After years of being on the sidelines, Canada's largest mutual-fund players are now racing to offer exchange-traded funds in an effort to capitalize on the explosion in popularity of the lower-cost products. But they are facing a dual and formidable challenge: how to attract new investors in an already-saturated market while also ensuring they are not sabotaging the success of their existing fund offerings.
Over the past year and a half, seven of Canada's largest asset managers – including Mackenzie Financial Ltd., AGF Management Ltd. and Manulife Financial Corp. – have decided to step out of their comfort zone to add ETF products to their fund lineups. In addition, three smaller mutual-fund providers have also entered the ETF space.
Currently, there are 24 ETF providers in Canada managing $130-billion in assets, according to a recent report by National Bank Financial. That is up from only 10 providers managing $97-billion in assets in April, 2016. Last month, Franklin Templeton Investments and Excel Funds Management became the latest firms to join the growing roster of ETF providers in Canada.
When early ETF providers, including Blackrock Canada Inc. and the Vanguard Group, first launched in the Canadian marketplace, the majority of Canada's asset managers were hesitant to enter an area they thought would cannibalize their No. 1 product – the mutual fund. The rapid adoption of ETFs in Canadians' portfolios in recent years have them reassessing those risks.
"When you look back to the time before we got to market, we did a lot of analysis around the potential risk of cannibalization and it was a valid concern," says Michael Cooke, senior vice-president and head of exchange traded funds for Mackenzie Investments, which launched its ETF fund family last spring. "Many of those concerns have been allayed by the fact that we are really catering to a new client segment and many of those clients are seeing the relevance of what we are doing with the ETF product."
Mutual-fund assets continue to dominate the Canadian marketplace, with $1.4-trillion in assets under management as of April, 2017, according to the Investment Funds Institute of Canada.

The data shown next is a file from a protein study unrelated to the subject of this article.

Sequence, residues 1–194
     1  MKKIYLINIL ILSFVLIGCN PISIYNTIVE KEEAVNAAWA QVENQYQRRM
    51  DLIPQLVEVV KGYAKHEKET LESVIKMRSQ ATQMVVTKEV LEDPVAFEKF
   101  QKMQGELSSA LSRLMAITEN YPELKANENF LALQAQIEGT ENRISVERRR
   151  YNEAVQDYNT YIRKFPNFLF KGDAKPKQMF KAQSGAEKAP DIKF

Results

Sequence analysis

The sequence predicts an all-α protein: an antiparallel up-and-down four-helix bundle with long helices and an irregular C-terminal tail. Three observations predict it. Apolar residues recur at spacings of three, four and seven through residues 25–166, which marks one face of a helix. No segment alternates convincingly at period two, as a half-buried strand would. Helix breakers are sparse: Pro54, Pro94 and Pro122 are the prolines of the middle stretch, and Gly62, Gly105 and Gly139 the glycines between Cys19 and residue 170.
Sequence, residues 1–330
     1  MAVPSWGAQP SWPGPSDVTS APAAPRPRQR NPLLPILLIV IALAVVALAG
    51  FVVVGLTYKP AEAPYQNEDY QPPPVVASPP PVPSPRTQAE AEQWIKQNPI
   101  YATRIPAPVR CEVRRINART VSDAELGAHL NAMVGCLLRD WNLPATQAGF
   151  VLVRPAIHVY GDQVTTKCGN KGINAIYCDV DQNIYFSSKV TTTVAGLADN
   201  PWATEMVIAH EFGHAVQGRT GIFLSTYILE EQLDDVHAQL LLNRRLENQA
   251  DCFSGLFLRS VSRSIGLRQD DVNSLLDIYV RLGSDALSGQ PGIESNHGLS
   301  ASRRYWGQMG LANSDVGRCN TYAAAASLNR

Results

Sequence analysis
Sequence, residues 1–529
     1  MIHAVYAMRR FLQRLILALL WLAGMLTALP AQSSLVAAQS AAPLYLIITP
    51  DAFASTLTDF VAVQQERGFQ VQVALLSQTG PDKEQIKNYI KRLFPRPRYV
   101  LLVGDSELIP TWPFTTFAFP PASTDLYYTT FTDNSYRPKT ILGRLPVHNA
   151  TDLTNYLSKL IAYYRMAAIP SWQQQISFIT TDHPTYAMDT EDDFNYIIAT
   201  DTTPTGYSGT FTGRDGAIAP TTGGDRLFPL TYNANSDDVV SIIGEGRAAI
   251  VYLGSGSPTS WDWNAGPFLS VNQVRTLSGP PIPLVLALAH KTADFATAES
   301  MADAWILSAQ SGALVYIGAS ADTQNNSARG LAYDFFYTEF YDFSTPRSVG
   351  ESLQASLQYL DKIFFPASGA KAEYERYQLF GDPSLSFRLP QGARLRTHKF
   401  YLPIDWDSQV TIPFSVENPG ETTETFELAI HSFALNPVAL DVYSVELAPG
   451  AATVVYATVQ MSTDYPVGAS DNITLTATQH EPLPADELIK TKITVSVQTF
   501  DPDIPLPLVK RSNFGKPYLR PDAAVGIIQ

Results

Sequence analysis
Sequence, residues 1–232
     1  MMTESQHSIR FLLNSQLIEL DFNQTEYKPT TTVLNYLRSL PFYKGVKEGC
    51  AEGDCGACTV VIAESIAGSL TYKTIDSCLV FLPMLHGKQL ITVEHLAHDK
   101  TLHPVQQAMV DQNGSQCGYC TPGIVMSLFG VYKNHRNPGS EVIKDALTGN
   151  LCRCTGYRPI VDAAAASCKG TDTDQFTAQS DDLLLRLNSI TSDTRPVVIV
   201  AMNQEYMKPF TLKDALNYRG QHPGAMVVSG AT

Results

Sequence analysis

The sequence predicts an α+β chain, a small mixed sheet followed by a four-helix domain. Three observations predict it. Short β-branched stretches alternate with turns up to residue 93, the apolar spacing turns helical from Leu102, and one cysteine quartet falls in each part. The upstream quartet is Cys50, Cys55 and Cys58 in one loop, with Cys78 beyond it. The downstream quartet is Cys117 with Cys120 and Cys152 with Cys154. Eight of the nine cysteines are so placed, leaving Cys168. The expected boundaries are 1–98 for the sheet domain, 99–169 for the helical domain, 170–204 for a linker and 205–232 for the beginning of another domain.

But there have been some recent signs their grip on the market is loosening. Total net sales in April were $2.73-billion, roughly half of the net sales of $5.76-billion the previous month. Meanwhile, the ETF market is rapidly gaining momentum. Last month, Canadian ETFs had net inflows of $3.7-billion – one of the highest months for inflows ever.
"ETFs have weathered multiple crises and controversies, but their asset gathering has not slowed down," says Daniel Straus, research analyst with National Bank Financial (NBF). "Mutual-fund companies are finally awakening to the idea that they could offer a form of convenience and accessibility that their clients desire."
With early ETF providers dominating the market with low-cost passive investing, there is limited opportunity to capture passive market share. Instead, the majority of the fund companies entering the market this year are doing so with niche product offerings that are either actively managed or strategic beta funds.
Unlike a traditional ETF that follows a certain index, actively managed ETFs are more like mutual funds, with their own dedicated portfolio-management team. Strategic beta funds, also known as factor-based funds, follow an index but have active managers who can change the mandates or investment strategies when needed.
The surge in actively managed ETFs also means higher management fees charged for portfolio-management services. Management fees can range between 0.40 per cent to 0.95 per cent – much higher than some index ETFs that can charge as low as 0.07 per cent. But as the competition continues to emerge, fees could start to drop.
"Product growth has accelerated this year with much of that being driven by actively managed ETFs, which include a variety of different approaches and styles," says Atul Tiwari, chairman of the Canadian ETF Association. "We see that trend continuing with room for additional growth, as investors and institutions look at replacing their higher-cost active exposure with lower cost actively managed ETFs."
Seeking lower-cost alternatives is a direct response to a changing landscape in the Canadian market. Recent regulatory changes have sparked a growing awareness around investment fees and the cost of advice. As a result, investors – as well as financial advisers who make up a large percentage of mutual-fund sales – are increasingly adopting ETFs in their investment portfolios.
Earlier this year, AGF entered the scene with a big splash – adding seven actively managed ETFs to their product lineup. The funds – branded AGF Quantshares – currently have $122-million in assets under management. Like many of AGF's competitors in the mutual-fund space, the company won't veer from its actively managed philosophy.
"Passive investing is not something AGF will be looking at," says Kevin McCreadie, president of AGF Management. "There is no value in bringing passive investments to the landscape. This is a landscape that is increasingly going to migrate towards active [management] and when you look at the type of innovative products we just launched, there are going to be more of these product initiatives being offered over the next two to three years."